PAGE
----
"We went with the Arri for a number of reasons. I knew we'd be shooting a great deal of this show at night and the Arri viewfinder seemed brighter. I liked the matched set of Zeiss/Hasselblad lenses which we've used often since they are basically the same lenses used in the IMAX format. We also had a Cooke 38-210mm zoom which focuses at less than three feet. It helped on those little push-in's Keith sometimes likes to do. But the zoom also presented limitations in a couple of areas: low light, since it's a T/6.3 and there's obvious visible distortion in the wide angles. Camera speed range was another consideration, and the Arri
gave us capabilities from four to 100 frames per second.
"The Panavision HSHR weighs in at just 35 lbs--considerably lighter than the Arri at nearly 100 lbs--which made it great for hand-held shots and steadicam work. Of course Jeff Mart, our steadicam operator, would have preferred even less weight, but he handled it beautifully." One of the disadvantages with the Panavision camera is related to its pellicle system, Christensen says, which creates difficulties in a couple of areas. "It bleeds off about 1/3 of a stop to the viewfinder, so you're limited in low-light situations to start with. But the biggest problem is just being able to see through it, so it's harder to judge focus. At night, the edges of the frame were just gone, especially on video assist. Then in bright daylight, shooting at T/22 to gain more depth of field, it was really hard to even see what you're shooting and there is no Panaglow for it. And you can get ghosting or reflections off the pellicle. Plus, it's a fixed viewfinder, so it can be tough to see into as well.
Speaking of depth of field, Christensen says it's just something you have to learn to live without in 65mm. As an example, a typical close up might require an 150mm lens (an 80mm lens may be considered a "normal" lens for this format) and positioning the camera at about eight feet away, five feet away for a tight close-up. That lens at eight feet at a T/4 results in a total depth of field of only two inches. You might try for a deeper stop and succeed in getting up to a T/8 and now the chart tells you that you've gained only an additional four inches! But our focus pullers--Zep Christensen, Gordon Huston, and Eddie Rodriguez--handled it well."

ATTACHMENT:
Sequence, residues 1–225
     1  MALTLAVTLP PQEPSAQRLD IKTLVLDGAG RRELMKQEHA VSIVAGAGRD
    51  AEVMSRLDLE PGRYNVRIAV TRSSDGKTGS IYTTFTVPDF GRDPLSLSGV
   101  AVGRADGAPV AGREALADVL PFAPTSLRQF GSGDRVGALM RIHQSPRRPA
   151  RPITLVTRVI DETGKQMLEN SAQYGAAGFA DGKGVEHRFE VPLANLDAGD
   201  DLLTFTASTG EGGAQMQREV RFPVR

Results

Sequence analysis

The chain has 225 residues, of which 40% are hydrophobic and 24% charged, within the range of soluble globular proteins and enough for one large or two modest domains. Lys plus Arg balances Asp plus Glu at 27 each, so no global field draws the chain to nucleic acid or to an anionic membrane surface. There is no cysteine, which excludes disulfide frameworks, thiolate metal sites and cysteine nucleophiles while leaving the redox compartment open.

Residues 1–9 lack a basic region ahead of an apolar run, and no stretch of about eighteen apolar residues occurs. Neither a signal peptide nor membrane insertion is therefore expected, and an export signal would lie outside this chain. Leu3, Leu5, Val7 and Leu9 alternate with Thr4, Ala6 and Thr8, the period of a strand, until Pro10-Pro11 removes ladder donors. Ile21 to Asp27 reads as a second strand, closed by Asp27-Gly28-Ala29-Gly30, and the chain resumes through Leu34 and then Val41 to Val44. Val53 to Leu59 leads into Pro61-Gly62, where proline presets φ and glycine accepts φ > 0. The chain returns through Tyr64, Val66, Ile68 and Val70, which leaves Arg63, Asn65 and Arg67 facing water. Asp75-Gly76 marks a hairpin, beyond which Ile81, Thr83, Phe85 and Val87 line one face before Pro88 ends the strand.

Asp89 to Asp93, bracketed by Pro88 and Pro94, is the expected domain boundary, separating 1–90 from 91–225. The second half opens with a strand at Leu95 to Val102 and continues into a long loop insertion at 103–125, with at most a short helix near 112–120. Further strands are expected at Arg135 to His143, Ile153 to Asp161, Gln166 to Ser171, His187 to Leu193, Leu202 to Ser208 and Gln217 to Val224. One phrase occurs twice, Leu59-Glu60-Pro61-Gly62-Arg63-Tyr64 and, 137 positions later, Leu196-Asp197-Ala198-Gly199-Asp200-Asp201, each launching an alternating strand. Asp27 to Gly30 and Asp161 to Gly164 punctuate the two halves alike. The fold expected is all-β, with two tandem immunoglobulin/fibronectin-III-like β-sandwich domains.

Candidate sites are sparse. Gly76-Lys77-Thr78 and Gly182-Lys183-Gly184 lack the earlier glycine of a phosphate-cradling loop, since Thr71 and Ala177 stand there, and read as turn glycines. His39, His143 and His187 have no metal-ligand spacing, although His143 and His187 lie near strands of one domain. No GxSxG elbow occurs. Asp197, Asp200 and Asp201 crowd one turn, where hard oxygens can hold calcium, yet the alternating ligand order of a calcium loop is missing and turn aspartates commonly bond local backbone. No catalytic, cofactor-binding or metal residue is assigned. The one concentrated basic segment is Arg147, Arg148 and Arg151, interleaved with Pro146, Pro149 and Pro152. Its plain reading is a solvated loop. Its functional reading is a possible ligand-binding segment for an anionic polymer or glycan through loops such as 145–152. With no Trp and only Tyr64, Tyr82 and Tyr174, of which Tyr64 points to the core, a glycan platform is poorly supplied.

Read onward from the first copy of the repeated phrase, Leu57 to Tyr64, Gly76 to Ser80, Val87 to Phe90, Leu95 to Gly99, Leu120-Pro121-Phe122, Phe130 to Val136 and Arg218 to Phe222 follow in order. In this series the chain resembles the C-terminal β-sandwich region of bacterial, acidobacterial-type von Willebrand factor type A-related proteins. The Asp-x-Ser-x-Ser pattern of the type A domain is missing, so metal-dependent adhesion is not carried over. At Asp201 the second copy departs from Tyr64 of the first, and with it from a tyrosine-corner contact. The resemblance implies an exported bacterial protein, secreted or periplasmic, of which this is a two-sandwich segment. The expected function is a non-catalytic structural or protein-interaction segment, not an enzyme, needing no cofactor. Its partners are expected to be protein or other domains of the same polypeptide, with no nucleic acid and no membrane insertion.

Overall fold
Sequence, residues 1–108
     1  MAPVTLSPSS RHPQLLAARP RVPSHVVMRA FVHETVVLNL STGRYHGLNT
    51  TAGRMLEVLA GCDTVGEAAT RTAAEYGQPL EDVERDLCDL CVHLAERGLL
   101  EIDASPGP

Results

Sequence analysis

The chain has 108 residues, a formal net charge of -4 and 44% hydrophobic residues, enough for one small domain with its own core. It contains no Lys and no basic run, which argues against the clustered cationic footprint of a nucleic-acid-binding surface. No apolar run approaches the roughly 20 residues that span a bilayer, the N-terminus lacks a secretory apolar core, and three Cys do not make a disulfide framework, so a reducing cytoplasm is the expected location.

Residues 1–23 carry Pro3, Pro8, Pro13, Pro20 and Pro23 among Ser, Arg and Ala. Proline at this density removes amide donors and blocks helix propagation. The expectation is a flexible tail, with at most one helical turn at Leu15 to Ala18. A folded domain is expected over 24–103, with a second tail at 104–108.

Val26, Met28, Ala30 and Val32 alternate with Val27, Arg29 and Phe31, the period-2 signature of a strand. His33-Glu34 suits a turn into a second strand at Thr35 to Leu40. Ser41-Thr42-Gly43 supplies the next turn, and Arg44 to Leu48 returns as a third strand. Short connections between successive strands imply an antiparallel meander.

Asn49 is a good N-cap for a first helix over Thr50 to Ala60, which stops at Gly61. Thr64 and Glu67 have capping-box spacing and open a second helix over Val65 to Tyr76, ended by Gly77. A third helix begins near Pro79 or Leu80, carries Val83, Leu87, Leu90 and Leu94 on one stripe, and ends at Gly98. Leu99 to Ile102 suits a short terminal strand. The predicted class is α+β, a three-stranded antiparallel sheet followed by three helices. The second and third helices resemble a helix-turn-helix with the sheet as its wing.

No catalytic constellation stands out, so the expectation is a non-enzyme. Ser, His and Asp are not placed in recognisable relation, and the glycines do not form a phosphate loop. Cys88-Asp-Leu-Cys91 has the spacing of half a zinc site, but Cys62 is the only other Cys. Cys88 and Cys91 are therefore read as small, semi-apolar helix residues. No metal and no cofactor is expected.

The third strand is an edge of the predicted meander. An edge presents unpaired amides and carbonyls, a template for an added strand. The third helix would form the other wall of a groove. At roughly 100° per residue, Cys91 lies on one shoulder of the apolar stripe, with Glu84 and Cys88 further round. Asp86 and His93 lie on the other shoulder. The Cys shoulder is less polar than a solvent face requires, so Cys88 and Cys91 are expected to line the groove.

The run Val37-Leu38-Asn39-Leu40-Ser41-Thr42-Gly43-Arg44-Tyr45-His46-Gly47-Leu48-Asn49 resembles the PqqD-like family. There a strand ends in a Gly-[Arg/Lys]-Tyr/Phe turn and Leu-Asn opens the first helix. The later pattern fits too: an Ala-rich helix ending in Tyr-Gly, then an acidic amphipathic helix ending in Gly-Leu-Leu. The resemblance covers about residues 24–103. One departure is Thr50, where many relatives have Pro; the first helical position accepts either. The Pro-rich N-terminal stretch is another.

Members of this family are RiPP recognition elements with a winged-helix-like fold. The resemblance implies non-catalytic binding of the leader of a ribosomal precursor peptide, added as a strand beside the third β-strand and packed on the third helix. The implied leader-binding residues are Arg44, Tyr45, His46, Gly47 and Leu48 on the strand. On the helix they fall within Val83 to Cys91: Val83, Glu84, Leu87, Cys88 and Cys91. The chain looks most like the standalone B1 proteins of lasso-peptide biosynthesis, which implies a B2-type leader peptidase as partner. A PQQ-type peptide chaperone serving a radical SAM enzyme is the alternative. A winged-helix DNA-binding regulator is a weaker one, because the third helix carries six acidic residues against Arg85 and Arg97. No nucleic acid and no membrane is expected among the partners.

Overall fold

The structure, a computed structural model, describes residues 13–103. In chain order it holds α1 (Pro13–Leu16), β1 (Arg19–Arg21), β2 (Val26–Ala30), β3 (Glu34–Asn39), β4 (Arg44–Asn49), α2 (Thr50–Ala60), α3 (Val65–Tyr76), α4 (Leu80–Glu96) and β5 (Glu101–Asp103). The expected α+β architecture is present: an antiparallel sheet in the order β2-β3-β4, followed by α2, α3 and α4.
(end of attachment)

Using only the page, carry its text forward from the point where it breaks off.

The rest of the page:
Rod Miller is an ad agency writer/producer and creative director in Salt Lake City, Utah. He has also written for the advertising trade press and is an oft-published Cowboy Poet.
Director Kieth Merril (at right with hat) sets B camera. Both 65mm cameras are ARRI 765. Picture by T C Christensen.
Meanwhile, back at pre-production, it was time to think about film stock. Christensen had tested Kodak's VISION stocks, 5277 and 5279. He'd seen that it showed a slight improvement in grain, and with the
magnification involved in a big, wide-screen theater, even a slight improvement is welcomed so he ordered it, even though he couldn't find anyone who had used the stock yet in large format. Rick Gordon of RPG hadn't seen it and neither had anyone at the 70mm side of CFI.
Although T.C. likes all the options Kodak offers in stocks, he also likes to keep things simple, using the fewest number of stocks to keep magazine changes to a minimum and short ends from piling up. "At $1 a foot," he said, "short ends and waste get incredibly expensive." So the decision was made to rely on 5293 for daylight exteriors, and the newer 5279 for daylight interiors, night shots, and any time depth of field problems raised it's ugly head. "At times, I pushed the 5279 one stop and rated it at 800 ISO. I worried about retaining inky blacks for our night exteriors with the push, but did some tests and found that at 800 ISO (as opposed to rating at 1000), I could get the deeper stop and the negative still stayed dense and held the blacks with hardly an increase in apparent grain.